Seismic data and satellite observations indicated that a moderate ash eruption of the volcano continues. Ash explosions up to 6 km (or 19,700 ft.) ASL are possible. The activity of the volcano could affect low-flying aircraft in the vicinity of the volcano.
Low-level earthquake activity continues at Fourpeaked volcano. Web camera views this past week show a typical steam plume rising several hundred meters above the summit. Nothing unusual was observed in clear satellite views.
Over the past week, seismic levels continued to be above background. No volcanic activity was observed in satellite data this week.
Northern Atka Island is home to at least two potentially active volcanic vents. While Korovin Volcano is the source of recent steam emission, and known to be active historically, the current seismicity is located under neighboring Mount Kliuchef.
Current Volcano Alert Level WATCH ; Aviation Color Code ORANGE
Growth of the new lava dome inside the crater of Mount St. Helens continues, accompanied by low rates of seismicity, low emissions of steam and volcanic gases, and minor production of ash. During such eruptions, changes in the level of activity can occur over days to months. The eruption could intensify suddenly or with little warning and produce explosions that cause hazardous conditions within several miles of the crater and farther downwind. Small lahars could suddenly descend the Toutle River if triggered by heavy rain or by interaction of hot rocks with snow and ice.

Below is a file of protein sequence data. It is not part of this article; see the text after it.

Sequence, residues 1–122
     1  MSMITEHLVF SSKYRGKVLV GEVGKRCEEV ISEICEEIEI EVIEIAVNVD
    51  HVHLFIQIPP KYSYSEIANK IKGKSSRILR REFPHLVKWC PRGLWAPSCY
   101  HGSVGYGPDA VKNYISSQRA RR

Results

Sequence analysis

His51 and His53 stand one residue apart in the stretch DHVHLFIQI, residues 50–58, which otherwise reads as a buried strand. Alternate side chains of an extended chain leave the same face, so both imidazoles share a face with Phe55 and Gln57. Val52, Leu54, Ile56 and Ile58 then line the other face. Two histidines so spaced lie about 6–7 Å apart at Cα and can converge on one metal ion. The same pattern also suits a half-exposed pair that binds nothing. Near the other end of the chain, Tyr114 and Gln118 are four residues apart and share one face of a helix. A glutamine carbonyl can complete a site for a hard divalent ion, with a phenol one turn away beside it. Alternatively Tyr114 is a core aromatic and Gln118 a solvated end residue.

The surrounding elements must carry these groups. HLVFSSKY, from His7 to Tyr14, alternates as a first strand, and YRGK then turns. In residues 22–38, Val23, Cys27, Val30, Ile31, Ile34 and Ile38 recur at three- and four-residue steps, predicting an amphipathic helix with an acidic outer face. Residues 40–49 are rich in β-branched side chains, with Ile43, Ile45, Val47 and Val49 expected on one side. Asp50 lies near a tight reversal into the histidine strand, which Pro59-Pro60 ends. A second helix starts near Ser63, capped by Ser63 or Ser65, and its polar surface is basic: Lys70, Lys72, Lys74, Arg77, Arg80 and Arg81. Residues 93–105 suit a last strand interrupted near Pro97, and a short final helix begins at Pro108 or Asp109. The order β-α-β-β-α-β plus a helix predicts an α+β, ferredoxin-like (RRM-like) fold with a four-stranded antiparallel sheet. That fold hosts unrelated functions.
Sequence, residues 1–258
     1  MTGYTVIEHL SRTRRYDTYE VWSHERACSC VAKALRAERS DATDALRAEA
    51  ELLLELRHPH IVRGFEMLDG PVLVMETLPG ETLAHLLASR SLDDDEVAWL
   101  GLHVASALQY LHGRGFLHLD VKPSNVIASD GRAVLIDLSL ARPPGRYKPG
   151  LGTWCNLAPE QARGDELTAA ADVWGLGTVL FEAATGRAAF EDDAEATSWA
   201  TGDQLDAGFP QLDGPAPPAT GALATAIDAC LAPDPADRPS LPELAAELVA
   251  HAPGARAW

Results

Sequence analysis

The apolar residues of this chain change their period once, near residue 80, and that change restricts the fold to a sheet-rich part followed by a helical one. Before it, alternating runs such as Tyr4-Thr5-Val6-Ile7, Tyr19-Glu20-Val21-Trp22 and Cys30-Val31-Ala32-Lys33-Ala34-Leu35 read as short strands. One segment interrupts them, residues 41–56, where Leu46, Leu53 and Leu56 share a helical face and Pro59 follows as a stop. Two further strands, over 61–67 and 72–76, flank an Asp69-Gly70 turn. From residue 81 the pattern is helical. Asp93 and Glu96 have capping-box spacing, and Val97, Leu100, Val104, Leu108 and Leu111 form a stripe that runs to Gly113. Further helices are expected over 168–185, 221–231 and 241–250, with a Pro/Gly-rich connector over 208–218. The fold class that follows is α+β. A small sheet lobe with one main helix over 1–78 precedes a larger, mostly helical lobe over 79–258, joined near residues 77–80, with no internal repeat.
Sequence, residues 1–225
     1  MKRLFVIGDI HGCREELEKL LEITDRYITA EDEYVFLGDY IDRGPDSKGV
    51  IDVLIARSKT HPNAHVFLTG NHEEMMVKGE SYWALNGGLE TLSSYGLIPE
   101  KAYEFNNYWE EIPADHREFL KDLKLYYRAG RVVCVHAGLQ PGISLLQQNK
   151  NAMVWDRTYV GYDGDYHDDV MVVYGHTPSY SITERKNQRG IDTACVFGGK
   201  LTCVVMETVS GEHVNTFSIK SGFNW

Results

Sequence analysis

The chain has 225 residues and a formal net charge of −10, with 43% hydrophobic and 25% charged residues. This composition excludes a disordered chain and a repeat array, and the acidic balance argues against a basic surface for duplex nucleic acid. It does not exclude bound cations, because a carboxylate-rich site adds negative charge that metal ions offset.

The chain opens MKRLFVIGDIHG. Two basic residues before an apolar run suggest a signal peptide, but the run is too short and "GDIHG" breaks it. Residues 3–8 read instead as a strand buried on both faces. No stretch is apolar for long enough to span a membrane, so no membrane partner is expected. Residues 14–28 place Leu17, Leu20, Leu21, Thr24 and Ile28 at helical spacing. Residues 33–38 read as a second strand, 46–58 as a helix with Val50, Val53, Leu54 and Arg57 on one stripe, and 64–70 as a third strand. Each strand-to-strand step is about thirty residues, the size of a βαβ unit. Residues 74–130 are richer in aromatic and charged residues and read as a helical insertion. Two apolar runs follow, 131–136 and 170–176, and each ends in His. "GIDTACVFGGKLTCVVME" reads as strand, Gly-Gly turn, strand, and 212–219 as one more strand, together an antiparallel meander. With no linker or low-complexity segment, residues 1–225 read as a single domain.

Mud volcano threatens main rail track
Friday, December 22, 2006
A massive mud volcano that has forced thousands of Indonesians to flee their homes is now threatening to submerge a key railway line.
A gas well near Surabaya in East Java has spewed steaming mud since May, swallowing villages, factories and agricultural land. About 13,000 people have been forced from their homes.
The advancing sea of mud threatens to submerge the main line connecting Surabaya, Indonesia's second largest city, with the rest of East Java.
Shiveluch Volcano Eruption Begins In Kamchatka 5.12.2006
According to data obtained from satellites, the volcano has spewed a cloud of ash to a height of about six kilometres. The plume moved to the north at a distance of 100 kilometres. An avalanche came down on the volcano slope along the Baidarnaya River bed. There has been no damage and threat to nearby settlements. The nearest populated locality - Klyuchi is located 50 kilometres from the volcano.
Shiveluch is one of the most active Kamchatka volcanoes. It is 3,283 metres high. Its eruptions are of explosive nature and are difficult to forecast. The volcano's preceding eruption was registered in September 2005.
At first it looked like an ugly oil slick.
But as they crew of the yacht Maiken sailed closer to brown patch on the ocean near Tonga they realised they were observing something far rarer and far more beautiful.
What looked like a brown stain on the South Pacific turned out to be a spectacular drift of floating pumice stones stretching more than 16 km - and an indication an island was being born nearby.